Outside a high school in downtown San Diego – on a concrete handball court that often sees action – is where the country’s first homeless court began. No witness stand. No bench for the judge. Just a bare ground with some folding chairs.
Started by San Diego County public defender Steve Binder in 1989, the court offers the homeless population access to the legal system.
It took “a great leap of faith to go to the homeless shelter” to hold court, says Binder.
Many criminal charges against the homeless stem from their homelessness: loitering, sleeping on the sidewalks, drinking or urinating in public. Once cited, they don’t have a mailing address to receive summonses if they fail to pay the fine. That means a single infraction can often mushroom into multiple summonses, resulting in an inability to secure a job and housing.
Since Binder held the first court nearly 20 years ago, 35 such courts – half of them in California – have sprung up, including in Columbia, S.C., Little Rock, Ark., and Milwaukee.
Because of the ad hoc nature of the court, building trust between the homeless and their attorneys takes time, Binder says.
“A lot of defendants don’t trust their public defenders,” he says. At the same time, he says “some public defenders think people on the streets are just bums. We have to extend ourselves and get past that initial resistance.”
For Binder, it took almost a year to earn the confidence of the first homeless person who set foot on that downtown San Diego handball court to see him. Now, Binder and his colleagues hold two sessions each month – one downtown and the other in north San Diego County. Each session sees, on average, 60 to 70 defendants, with more and more Afghanistan and Iraq War veterans in their midst.
Since the court’s fledgling years, Binder’s office has been working closely with the National Coalition for Homeless Veterans (NCHV), a nonprofit organization that provides technical assistance to social service agencies that aid veterans. These days, the partnership has become even more important.
NCHV’s Technical Assistance Director Melanie Lilliston says that although historically it takes a decade after their tour for veterans to end up homeless, some of those returning from Afghanistan and Iraq are now courting legal troubles much sooner and probably will face the streets not long afterward.
“They’re requesting service faster and showing up in the legal system faster,” she says.
While the homeless court “is not a prevention tool,” Lilliston says, “it helps [the homeless] resolve legal issues so they can move forward with their lives.”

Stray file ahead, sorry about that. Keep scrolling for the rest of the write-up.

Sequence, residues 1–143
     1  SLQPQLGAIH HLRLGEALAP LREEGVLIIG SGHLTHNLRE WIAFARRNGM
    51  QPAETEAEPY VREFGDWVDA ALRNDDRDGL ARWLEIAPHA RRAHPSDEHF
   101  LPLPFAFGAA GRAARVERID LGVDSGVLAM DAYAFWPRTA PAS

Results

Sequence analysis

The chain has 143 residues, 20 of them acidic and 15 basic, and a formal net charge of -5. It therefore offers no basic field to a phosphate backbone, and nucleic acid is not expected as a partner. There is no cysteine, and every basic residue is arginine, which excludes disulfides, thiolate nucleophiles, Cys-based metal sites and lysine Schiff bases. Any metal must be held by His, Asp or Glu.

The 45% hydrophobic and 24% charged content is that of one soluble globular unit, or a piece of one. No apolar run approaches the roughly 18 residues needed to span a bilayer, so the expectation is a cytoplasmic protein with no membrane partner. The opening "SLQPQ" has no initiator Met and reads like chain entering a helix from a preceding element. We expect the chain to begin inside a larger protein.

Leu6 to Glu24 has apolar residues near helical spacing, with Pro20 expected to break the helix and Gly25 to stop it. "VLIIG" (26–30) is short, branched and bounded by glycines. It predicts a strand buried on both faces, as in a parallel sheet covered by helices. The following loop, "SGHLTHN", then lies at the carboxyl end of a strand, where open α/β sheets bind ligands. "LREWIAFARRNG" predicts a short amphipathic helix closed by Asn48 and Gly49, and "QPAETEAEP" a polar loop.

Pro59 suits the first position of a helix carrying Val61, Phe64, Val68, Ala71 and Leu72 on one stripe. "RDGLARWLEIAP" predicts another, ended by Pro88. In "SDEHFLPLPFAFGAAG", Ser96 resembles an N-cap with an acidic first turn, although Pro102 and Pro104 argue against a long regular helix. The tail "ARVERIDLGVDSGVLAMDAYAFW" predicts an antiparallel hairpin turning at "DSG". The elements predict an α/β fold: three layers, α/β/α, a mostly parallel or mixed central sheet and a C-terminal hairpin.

The court sometimes finds more productive redress than jail time.
Binder cited a recent case where a veteran, who returned from two tours in Iraq, had two drunk-driving convictions and was then arrested for driving on a suspended license. Appearing in the homeless court, the veteran explained that he had to drive to work. Instead of meting out a sentence, the judge arranged a legal way for him to commute.
Some homeless advocates, however, object to the idea of a special court because they say it encourages discrimination against homeless people.
“How can we stop the criminalization of homelessness if you have a justice system that sets up courts based on a person’s (homeless) status?” asks Paul Boden, executive director of Western Regional Advocacy Project, an umbrella group whose membership includes many homeless providers and advocates on the West Coast.
“We perpetuate the criminalization [with these courts],” Boden says. His group is fighting efforts to open a special court in San Francisco. (No firm date has been set.)
Becky Dennison can attest to the benefits and the limitations of the homeless court in Los Angeles. As co-director of the grassroots Los Angeles Community Action Network, Dennison manages a legal clinic for the homeless. She says few people manage to clean up their records in court.
The L.A. homeless court deals with only minor offenses – not the more common drug charges. And the number of cases that the court is able to handle pales in comparison to the large number of quality-of-life citations – which, Dennison says, averages 1,000 per month in downtown L.A. alone.
“The problem is the court helps only a very small subset of people,” she says, “but we can help a lot more people up front if we can just stop this style of policing.”